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Special Report: Chavez’s oil-fed fund obscures Venezuela money trail

By Brian Ellsworth and Eyanir Chinea
MACAPAIMA, Venezuela | Wed Sep 26, 2012 7:16am EDT

(Reuters) – The site of what may someday be Venezuela’s first newsprint factory today consists of little more than a warehouse, several acres of cleared tropical savannah, and two billboards bearing pictures of President Hugo Chavez.

More than five years after Chavez first hailed state-owned Pulpa y Papel CA as a vanguard “socialist business,” there is little else to show here in rural southeastern Venezuela for the more than half a billion dollars that state investment fund Fonden set aside for the project.

As with many Fonden investments, tracking the money sent to Pulpaca, as the project is known, is difficult. A Pulpaca annual report for 2011 said the project was stalled for lack of funding. A manager at the dusty gates of the compound declined to comment. So did contractors involved. Requests for interviews with the industry ministry, charged with disbursing Fonden money for such projects, went unanswered.

Fonden is the largest of a handful of secretive funds that put decisions on how to spend tens of billions of dollars in the hands of Chavez, who has vowed to turn the OPEC nation’s economy into a model of oil-financed socialism. Since its founding seven years ago, Fonden has been funneling cash into hundreds of projects personally approved by Chavez but not reviewed by Congress — from swimming-pool renovations for soldiers, to purchases of Russian fighter jets, to public housing and other projects with broad popular appeal.

The fund now accounts for nearly a third of all investment in Venezuela and half of public investment, and last year received 25 percent of government revenue from the oil industry. All told, it has taken in close to $100 billion of Venezuela’s oil revenue in the past seven years.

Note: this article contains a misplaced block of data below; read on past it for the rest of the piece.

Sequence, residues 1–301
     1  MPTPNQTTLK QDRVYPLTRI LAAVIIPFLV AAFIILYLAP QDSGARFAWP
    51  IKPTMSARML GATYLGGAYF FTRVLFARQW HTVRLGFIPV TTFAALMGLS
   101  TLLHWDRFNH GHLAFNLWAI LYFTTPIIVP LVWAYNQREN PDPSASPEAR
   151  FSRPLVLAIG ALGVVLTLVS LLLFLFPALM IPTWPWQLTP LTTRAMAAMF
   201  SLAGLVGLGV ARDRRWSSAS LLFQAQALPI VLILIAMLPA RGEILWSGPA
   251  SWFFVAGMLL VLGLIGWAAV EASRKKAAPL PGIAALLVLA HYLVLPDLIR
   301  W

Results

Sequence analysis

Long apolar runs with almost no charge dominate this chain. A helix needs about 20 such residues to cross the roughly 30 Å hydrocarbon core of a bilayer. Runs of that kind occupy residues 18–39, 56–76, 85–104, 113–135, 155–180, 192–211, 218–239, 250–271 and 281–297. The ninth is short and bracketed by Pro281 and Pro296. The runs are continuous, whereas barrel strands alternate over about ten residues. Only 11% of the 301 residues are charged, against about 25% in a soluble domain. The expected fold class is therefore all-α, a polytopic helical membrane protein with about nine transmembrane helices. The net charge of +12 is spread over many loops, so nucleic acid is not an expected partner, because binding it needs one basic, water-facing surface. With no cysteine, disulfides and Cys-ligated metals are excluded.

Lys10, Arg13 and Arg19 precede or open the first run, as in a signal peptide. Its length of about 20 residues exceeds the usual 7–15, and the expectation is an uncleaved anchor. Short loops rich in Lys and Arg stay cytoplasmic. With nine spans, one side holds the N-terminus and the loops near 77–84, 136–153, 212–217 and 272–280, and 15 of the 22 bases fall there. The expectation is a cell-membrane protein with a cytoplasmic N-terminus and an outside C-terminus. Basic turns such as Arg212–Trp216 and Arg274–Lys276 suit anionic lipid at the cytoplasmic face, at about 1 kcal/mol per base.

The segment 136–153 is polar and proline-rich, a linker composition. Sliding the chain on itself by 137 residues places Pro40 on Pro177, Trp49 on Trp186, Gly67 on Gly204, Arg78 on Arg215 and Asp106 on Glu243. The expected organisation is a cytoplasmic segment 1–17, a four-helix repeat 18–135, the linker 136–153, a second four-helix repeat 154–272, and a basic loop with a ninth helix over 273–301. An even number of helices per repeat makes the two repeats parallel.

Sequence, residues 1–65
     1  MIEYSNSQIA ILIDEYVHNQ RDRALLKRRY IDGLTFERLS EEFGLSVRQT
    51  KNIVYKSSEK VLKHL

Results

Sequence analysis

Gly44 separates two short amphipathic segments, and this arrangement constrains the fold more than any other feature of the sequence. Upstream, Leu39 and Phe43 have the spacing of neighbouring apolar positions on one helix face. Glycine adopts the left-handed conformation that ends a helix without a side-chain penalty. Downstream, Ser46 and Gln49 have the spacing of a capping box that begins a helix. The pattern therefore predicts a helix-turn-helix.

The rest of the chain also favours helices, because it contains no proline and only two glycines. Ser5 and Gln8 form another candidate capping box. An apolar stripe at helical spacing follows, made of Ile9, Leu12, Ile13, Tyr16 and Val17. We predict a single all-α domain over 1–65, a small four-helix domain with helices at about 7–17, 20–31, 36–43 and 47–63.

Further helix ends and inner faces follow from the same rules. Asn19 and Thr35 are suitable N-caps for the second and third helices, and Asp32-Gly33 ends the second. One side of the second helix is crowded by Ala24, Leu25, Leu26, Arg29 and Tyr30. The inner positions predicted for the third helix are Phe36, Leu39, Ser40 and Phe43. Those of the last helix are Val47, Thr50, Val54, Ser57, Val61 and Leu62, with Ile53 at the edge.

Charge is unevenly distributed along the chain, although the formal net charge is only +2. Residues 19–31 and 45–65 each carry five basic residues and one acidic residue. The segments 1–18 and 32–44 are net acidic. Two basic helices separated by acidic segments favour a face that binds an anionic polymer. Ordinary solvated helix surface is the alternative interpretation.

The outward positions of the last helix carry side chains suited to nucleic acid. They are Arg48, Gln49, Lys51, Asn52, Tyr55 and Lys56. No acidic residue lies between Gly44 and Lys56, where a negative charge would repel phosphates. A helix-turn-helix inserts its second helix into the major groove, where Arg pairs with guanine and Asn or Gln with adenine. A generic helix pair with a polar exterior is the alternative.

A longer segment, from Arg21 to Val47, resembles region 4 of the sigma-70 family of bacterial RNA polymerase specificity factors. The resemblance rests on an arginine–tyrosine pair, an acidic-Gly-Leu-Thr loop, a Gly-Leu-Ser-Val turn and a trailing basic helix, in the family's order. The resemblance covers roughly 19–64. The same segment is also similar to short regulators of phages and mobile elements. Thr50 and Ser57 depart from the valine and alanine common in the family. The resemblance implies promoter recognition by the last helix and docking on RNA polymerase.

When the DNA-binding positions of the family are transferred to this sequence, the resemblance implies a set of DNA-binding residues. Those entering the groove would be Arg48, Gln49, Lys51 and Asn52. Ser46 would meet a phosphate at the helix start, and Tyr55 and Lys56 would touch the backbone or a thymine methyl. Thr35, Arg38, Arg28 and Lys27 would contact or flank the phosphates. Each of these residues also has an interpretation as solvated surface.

Fonden attracts scant attention beyond policy experts and Wall Street analysts. But it is at the heart of Chavez’s promise to use Venezuela’s bulging oil revenue to build new industries, create jobs and diversify the economy in the service of his self-styled revolution.

Finding out how much of that money Fonden has spent, and on what, is not easy. The most detailed descriptions usually come from Chavez himself, rattling off multimillion-dollar investments on television while chatting with workers and extolling the virtues of socialism. Fonden does not regularly release lists of projects in its portfolio.

Adversaries excoriate it as a piggy bank that lets Chavez arbitrarily spend billions of dollars with little more than the stroke of a pen and perhaps a celebratory Tweet, with accountability to no one. The secrecy also makes it impossible to determine what went wrong – at Fonden, or at the ministry level, or on the ground — when a project like Pulpaca stalls.

“I’m shocked that we don’t know exactly what has happened to $105 billion,” said Carlos Ramos, an opposition legislator who has led a campaign to extract more information about the fund from the finance ministry. “That is not Chavez’s money. That money belongs to 29 million Venezuelans and as such the information should be available to everyone.”

Critics point out that since Fonden’s creation, Venezuela’s economy, rather than becoming more diversified, is even more dependent on its mainstay: In the first half of this year, oil accounted for 96 percent of export earnings, compared with about 80 percent 10 years ago.

The perception of secrecy has left investors unsure how to measure Venezuela’s fiscal strength. Fitch Ratings this year warned it could downgrade the country’s debt, in part because of transparency concerns. Those same concerns are also helping push up borrowing costs. Despite Venezuela’s ample oil wealth, yields on the country’s bonds are nearly equal to those of impoverished Pakistan, and higher than war-ravaged Iraq’s.

“The visible portion that we can compare in Venezuela vis-à-vis other countries has declined considerably,” said Erich Arispe, director in Fitch Ratings Sovereign Group. “I can’t rate what I can’t see.”

CONTROL THE PURSE STRINGS

Chavez’s control over the country’s purse-strings — unprecedented for any Venezuelan president in more than 50 years — will be a key advantage in his bid for re-election on October 7. Projects successfully executed with billions of dollars in Fonden financing — housing, hospitals and public transportation lines — have improved the lot of Venezuela’s poor, many of whom are already fans of Chavez’s leadership.

“It’s magnificent. It means we can have access to health care, education. All of this is for the people,” said Domingo Gonzalez, 58, after being treated for hypertension at a new Caracas hospital funded by Fonden. “People say Chavez is throwing the money away, but that’s obviously a lie, because otherwise we wouldn’t have hospitals like this one,” he said at the hospital gate near the slum of Petare, where middle-class Caracas merges with a chaotic jumble of narrow winding streets and ramshackle homes.

At the same time, Chavez is under growing opposition fire over abandoned or half-built projects, including some that received millions of dollars from Fonden. A fleet of modern busses for a transit project in the city of Barquisimeto, which received $301 million from Fonden, were left sitting idle so long that vines started growing inside them.